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36 year old man Toronto's first case of West Nile Virus this year

File photo of a mosquito. THE CANADIAN PRESS/AP/Centers for Disease Control and Prevention/James Gathany

A 36 year old man has been diagnosed with West Nile Virus (WNV) — the city’s first case of the illness this year.

Toronto Public Health said Friday the man was hospitalized and is now recovering at home.

“Although the number of human cases has been declining steadily in the past few years, it is still important to take precautions,” Dr. Herveen Sachdeva, associate Medical Officer of Health, said in a statement. “Most human cases of West Nile Virus are contracted at this time of year.”

There was one human case last year and no reported cases in 2009 and 2008.

The last time someone died because of West Nile Virus was in 2005. The illness first appeared in the city in 2002.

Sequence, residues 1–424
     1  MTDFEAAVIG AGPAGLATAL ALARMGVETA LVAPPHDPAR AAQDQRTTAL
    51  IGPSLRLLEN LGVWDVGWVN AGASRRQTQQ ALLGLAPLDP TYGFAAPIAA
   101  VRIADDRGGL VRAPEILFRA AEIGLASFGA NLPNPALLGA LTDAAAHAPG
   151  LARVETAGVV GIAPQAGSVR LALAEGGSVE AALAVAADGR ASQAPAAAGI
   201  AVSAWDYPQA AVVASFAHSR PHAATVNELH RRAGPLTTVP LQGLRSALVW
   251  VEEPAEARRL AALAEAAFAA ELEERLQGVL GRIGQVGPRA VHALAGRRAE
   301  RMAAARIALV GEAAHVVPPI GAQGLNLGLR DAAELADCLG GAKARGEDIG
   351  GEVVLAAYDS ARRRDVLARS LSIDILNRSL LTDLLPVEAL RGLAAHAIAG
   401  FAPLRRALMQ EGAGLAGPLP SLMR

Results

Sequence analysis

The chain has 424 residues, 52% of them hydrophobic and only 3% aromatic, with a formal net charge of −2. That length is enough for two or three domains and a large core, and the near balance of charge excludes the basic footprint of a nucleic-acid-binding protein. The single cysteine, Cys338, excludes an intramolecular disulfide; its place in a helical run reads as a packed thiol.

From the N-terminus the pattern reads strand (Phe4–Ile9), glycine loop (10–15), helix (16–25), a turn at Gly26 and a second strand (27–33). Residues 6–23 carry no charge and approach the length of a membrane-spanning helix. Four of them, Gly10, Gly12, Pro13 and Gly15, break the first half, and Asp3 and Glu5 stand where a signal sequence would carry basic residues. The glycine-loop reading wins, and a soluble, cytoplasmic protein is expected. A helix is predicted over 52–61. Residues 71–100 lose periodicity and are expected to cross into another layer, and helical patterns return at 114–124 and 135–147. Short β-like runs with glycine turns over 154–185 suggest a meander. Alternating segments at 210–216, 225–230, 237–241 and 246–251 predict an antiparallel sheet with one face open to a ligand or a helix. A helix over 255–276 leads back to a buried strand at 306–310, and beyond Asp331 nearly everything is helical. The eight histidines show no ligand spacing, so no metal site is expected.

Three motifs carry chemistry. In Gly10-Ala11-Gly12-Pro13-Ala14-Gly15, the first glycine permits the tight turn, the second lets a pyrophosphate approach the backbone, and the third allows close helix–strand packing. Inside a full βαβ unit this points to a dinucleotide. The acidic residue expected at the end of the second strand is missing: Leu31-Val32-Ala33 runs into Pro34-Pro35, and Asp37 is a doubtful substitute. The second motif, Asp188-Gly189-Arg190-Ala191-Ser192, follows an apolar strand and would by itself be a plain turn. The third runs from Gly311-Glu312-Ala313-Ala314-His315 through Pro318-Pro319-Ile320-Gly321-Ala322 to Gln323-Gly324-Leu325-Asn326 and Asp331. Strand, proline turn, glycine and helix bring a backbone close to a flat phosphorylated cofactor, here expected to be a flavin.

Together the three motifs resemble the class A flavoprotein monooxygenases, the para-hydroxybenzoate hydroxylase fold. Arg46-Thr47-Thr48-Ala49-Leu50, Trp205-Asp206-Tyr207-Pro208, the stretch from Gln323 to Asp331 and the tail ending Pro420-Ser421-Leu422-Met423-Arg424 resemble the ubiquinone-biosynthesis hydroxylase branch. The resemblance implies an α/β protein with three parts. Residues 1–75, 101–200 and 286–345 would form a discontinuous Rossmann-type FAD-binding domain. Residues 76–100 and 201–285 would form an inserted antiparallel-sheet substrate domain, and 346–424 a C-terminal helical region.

An elderly woman in Burlington is believed to have died from the virus last week. Initial reports from the Ontario public health laboratory in Toronto showed the woman, who was in her seventies, died of WNV.

Further tests to confirm this diagnosis are underway.

The last WNV-associated death in Halton Region was in 2002.

While the overall risk of contracting the virus is low — about 80 per cent of people bitten by an infected mosquito don’t get sick and less than one per cent becomes seriously ill — local health officials are urging people to take precautions, which include:

–use a mosquito repellent containing DEET
–wear light-coloured clothing and cover up in areas where mosquitoes are present
–take precautions, especially in early morning and early evening, when mosquitoes are most active
–repair any holes in door and window screens

Symptoms of WNV include stiff neck, confusion, severe headache and sudden sensitivity to light.

Mosquitoes are collected and tested for WNV on a weekly basis across the city. Infected mosquitoes have been found in 68 traps this year — up from 19 positive traps last year.

Catch basins and other areas with standing water are treated with larvicide to prevent the spread of the virus.

Click here for more information on WNV.

With files from Ashleigh Smollet